Dakota Sioux Once Lived in Georgia?

By Gary C. Daniels, LostWorlds.org, March 28, 2013; Revised Jan. 7, 2017

The Dakota Sioux are known primarily as a Plains Indian tribe that lived in tipis but they
originally lived in South Carolina and constructed large towns featuring open plazas
surrounded by earthen pyramids.

When one thinks of the Dakota Sioux what instantly springs to mind are
images of Indians on horseback hunting buffalo on the Great Plains and living
in teepees. Yet long before the Dakota Sioux lived in North and South Dakota
(two states named after this tribe) could they have actually resided in

It is well established among scholars that the Dakota Sioux are also known as
the Santee Sioux.1 Curiously, a Siouan-speaking tribe called the Santee also
once lived in South Carolina.2 (Their descendants still live there today.) In
fact, South Carolina’s Santee tribe were part of the mound building culture
there and were responsible for sites such as the Santee Indian Mound on the
Santee River in modern-day Santee, South Carolina.

This Indian mound beside Lake Marion in South Carolina was associated with the Santee.

Modern scholars make a distinction between the Santee Dakota and South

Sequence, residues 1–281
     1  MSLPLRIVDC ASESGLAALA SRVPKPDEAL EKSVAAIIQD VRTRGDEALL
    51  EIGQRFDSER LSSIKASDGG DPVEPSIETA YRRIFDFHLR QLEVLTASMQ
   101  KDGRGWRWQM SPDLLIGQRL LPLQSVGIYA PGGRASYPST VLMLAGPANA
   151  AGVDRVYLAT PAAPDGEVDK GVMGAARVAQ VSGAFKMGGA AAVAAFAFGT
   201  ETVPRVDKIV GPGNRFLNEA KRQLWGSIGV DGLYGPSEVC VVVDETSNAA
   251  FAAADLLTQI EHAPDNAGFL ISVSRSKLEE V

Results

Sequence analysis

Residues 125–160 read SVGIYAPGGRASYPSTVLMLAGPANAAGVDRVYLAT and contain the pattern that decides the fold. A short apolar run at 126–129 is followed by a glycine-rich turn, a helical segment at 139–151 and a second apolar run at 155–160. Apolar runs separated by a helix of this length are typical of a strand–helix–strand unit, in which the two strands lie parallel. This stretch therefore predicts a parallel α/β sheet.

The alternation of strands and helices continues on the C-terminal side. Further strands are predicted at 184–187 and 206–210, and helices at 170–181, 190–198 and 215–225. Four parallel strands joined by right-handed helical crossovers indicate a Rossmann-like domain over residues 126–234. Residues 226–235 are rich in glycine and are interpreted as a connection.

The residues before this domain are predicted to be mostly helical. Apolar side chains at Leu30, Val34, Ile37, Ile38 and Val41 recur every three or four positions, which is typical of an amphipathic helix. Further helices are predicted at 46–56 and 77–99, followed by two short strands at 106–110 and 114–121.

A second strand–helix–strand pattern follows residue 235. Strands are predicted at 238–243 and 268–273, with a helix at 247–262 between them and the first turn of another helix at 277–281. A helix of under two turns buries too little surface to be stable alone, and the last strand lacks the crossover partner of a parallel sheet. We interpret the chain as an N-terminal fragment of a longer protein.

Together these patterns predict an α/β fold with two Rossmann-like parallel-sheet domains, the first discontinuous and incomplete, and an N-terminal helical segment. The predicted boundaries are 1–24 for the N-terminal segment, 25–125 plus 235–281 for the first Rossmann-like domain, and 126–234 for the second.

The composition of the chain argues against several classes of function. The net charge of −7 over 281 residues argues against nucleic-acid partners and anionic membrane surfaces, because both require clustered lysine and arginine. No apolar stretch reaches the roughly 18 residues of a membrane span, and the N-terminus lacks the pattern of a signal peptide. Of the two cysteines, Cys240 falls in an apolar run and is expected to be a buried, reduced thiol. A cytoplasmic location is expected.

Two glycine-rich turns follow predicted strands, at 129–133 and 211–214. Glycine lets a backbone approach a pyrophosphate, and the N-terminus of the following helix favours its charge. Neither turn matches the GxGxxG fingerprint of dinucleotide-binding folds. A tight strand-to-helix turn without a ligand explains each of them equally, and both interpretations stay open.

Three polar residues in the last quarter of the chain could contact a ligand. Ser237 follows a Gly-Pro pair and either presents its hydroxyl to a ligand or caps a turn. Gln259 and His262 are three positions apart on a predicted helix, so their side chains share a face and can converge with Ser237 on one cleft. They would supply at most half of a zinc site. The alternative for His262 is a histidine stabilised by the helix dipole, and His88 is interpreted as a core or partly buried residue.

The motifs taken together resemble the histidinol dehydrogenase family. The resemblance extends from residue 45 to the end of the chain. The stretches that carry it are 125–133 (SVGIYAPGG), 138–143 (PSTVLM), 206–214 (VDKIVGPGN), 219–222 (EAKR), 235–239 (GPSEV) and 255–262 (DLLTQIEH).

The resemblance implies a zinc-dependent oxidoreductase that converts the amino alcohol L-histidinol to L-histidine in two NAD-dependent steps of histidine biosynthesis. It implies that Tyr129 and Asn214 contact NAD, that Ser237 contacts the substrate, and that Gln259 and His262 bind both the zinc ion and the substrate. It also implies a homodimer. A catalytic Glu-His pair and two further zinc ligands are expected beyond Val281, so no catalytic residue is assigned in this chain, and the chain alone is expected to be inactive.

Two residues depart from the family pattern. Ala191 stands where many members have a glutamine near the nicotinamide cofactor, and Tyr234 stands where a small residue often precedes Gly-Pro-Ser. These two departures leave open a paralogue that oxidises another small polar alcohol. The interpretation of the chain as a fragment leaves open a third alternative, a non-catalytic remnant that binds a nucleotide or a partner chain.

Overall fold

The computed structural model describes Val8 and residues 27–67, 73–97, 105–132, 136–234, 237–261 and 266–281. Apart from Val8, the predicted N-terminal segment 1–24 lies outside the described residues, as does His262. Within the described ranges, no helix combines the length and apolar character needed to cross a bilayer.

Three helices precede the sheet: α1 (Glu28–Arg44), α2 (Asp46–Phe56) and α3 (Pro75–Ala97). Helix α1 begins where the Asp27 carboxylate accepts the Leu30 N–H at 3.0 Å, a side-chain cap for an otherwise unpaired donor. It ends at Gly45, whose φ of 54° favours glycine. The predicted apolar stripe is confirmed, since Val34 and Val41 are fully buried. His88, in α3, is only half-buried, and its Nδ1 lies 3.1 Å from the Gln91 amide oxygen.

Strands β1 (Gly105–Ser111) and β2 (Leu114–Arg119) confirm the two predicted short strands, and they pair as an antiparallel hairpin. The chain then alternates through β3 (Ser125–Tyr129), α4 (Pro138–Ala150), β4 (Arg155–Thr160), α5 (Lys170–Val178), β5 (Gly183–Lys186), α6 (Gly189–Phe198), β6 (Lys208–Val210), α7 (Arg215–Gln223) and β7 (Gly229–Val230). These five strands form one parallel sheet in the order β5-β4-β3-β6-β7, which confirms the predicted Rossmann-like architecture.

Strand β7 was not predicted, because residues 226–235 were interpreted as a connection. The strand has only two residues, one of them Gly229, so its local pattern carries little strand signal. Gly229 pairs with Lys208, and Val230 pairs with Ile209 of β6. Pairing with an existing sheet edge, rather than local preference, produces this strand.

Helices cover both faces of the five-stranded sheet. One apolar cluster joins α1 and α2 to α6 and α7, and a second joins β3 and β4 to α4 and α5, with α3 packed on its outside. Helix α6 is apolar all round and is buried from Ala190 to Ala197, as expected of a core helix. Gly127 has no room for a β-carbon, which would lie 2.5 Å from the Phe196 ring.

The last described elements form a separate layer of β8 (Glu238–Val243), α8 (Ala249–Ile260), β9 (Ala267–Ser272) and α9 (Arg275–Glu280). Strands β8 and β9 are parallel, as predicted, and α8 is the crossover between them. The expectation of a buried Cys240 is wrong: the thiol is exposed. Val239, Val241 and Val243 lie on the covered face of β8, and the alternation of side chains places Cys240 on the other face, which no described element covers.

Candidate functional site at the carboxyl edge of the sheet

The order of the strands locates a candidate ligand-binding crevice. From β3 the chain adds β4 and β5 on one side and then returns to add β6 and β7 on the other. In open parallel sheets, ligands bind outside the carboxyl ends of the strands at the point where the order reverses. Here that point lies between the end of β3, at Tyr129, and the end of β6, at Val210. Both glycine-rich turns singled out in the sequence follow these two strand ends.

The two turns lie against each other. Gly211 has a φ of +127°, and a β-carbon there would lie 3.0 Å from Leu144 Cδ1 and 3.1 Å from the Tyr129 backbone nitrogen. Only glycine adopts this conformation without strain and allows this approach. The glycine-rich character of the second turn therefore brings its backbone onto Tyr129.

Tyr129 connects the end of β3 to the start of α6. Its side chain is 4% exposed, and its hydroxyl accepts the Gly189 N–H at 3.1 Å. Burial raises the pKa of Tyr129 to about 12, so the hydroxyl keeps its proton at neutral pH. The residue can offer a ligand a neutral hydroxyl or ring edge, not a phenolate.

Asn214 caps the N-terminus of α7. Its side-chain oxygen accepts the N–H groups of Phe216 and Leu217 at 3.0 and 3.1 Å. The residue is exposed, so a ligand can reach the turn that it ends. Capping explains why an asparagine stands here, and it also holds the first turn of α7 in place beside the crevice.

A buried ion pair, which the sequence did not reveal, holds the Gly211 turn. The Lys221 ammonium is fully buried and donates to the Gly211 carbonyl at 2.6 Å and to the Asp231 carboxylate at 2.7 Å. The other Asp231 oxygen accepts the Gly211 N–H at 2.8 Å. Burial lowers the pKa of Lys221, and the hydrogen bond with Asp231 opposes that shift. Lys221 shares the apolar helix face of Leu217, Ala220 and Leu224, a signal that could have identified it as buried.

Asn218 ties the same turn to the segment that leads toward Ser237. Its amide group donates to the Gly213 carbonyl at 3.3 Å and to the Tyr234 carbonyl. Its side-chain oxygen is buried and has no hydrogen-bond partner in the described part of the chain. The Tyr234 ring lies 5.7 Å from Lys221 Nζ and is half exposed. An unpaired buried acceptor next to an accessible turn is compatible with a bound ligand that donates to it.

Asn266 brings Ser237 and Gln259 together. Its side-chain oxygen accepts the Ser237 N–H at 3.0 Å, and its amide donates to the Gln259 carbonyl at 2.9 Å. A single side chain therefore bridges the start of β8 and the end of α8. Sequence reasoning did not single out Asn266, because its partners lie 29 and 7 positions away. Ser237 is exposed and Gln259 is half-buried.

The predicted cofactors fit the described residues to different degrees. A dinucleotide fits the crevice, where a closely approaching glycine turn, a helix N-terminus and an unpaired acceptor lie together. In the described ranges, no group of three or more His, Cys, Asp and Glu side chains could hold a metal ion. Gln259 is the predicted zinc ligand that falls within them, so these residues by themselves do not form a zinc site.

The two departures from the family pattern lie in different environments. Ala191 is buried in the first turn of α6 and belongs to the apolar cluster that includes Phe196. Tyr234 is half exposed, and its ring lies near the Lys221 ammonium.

Carolina’s Santee tribe but placenames in the two areas suggest a connection.
It is thought that the Santee Dakota left the Southeast before the arrival of
Europeans. They first moved to Ohio and then Minnesota where they were
living by 1697. Eventually they moved into Nebraska and the Dakotas.

It is accepted fact that the town of Santee and the Santee River in South
Carolina both take their names from the Santee tribe. But could the Santee
also have once lived in Georgia and could rivers in that region also be named
for the Santee?

Georgia’s River Name Origins- Mystery Solved?

Just across the border from South Carolina in the state of Georgia are two
rivers whose names have puzzled historians for at least three centuries. Yet it
appears that these two rivers also take their name from the Santee tribe.

One such river, today’s Satilla River, was once known as the Santila River. It
appeared so-named on maps as late as 1824.

1823 map of Wayne County, Georgia shows the “Santilla River”
and “Little Santilla River” today known as the Satilla and Little